Mark Edwin Miller, “An Outsider’s Experience Teaching Mormon History in Utah,” Religious Educator 10, no. 2 (2009): 87–96.
Mark Edwin Miller (firstname.lastname@example.org) was an assistant professor of history at Southern Utah University when this was written.
Mark Edwin Miller.
I am going to discuss some of the ways I have approached the teaching of Mormon-related topics at a secular state school (Southern Utah University) that has, however, a predominant Latter-day Saint student body. In essence, I bring an outsider’s perspective, being both a non-Mormon and a non-native Utahn. In methodology, I will detail issues that caused me trepidation, how I dealt with these anxiety-causing topics, how I presented the fear-inspiring lecture, and how these presentations were received by students in my Utah history course.
My interest in Utah and Mormonism grew out of my graduate training. I received my PhD in history from the University of Arizona, where I conducted research and published an article on Latter-day Saint colonization and antipolygamy prosecution in territorial Arizona in the Journal of Mormon History. Although this experience helped me land my current job, I must admit, teaching the subject of Utah history caused me much anxiety before coming to Utah in fall of 2006. In particular, there were several topics that generated some loss of sleep. In this paper I will focus on six events that caused concern my first year teaching Utah history to a predominant Latter-day Saint student body: Native Americans, Mormon theology and relations; early Church history and conflict with non-Mormons in the eastern states; tensions between Mormons and Gentiles in Utah over the creation of the theodemocratic state of Deseret; the Utah War and Mountain Meadows Massacre; the issue of polygamy during the nineteenth century and enduring conflicts over plural marriage today; and anti-Mormonism as it related to delayed statehood. In preparing this presentation, I conducted a small student survey to help gain their perspectives. I was also able, in teaching my course, to draw upon training and experience I had in teaching culturally sensitive matters to teaching assistants at the University of Arizona.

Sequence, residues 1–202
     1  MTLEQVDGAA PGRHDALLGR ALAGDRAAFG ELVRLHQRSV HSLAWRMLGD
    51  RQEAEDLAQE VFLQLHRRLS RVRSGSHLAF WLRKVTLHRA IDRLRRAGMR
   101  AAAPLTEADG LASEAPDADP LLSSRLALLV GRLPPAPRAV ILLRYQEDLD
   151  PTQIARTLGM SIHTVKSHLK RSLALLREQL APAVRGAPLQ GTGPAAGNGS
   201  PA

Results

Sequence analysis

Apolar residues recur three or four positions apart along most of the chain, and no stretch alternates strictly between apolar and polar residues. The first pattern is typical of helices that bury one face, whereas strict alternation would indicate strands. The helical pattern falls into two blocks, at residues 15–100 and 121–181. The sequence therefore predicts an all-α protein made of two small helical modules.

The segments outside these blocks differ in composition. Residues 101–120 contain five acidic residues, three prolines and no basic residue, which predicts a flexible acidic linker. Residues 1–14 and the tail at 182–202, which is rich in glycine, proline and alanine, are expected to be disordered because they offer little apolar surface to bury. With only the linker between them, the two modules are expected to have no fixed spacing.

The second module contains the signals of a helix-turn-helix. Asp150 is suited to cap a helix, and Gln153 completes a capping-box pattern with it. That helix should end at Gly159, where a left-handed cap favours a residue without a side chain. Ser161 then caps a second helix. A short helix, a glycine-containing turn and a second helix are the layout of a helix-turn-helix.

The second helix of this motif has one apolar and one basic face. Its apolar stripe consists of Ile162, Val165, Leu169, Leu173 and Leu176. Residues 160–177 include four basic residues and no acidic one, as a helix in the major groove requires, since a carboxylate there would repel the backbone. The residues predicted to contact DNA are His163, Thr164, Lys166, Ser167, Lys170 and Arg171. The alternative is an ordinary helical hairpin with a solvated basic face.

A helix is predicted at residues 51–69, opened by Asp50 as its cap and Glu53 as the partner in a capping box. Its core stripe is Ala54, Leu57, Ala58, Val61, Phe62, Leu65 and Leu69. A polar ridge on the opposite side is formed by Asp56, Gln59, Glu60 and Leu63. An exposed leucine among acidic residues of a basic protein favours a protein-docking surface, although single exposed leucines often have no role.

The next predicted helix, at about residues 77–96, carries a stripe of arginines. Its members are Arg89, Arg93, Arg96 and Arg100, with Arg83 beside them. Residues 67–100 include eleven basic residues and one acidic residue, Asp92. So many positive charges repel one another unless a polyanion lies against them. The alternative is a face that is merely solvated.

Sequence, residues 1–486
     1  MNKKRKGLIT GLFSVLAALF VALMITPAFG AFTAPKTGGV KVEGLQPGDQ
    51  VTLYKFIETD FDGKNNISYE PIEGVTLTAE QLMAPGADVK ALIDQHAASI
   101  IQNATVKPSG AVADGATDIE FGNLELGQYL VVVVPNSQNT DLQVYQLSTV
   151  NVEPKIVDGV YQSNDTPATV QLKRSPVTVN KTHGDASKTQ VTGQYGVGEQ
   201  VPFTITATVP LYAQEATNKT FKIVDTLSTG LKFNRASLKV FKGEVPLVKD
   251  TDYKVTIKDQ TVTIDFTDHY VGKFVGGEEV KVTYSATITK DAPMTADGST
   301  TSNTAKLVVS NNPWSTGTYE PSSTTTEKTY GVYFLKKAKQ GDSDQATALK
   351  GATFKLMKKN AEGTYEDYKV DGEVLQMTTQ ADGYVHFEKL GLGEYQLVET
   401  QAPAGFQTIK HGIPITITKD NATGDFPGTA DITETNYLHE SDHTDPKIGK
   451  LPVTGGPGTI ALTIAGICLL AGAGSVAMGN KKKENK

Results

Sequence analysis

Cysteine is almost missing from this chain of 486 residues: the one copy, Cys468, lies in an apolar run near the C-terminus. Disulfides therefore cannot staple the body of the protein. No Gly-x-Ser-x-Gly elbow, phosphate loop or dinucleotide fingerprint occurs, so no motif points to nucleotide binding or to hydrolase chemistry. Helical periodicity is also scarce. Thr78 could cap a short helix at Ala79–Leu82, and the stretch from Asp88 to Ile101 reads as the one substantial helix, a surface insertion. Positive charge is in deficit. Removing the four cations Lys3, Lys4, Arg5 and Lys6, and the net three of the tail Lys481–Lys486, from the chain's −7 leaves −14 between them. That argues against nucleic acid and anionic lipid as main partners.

When thinking about the chronology of Utah history, I immediately encountered a potential pitfall on the issue of Native American origins. I could also envision a tricky journey discussing the first contacts between the indigenous peoples of Utah and Europeans—in this case the Latter-day Saint pioneers. In particular, a potential issue concerned the prominent place of native peoples (or Lamanites in Mormon theology) in the Book of Mormon. I surmised that most of my students would be aware that Mormon theology holds the first inhabitants of the Americas in an exalted place as descendants of the house of Israel whom Jesus Christ visited—a major component of the Book of Mormon.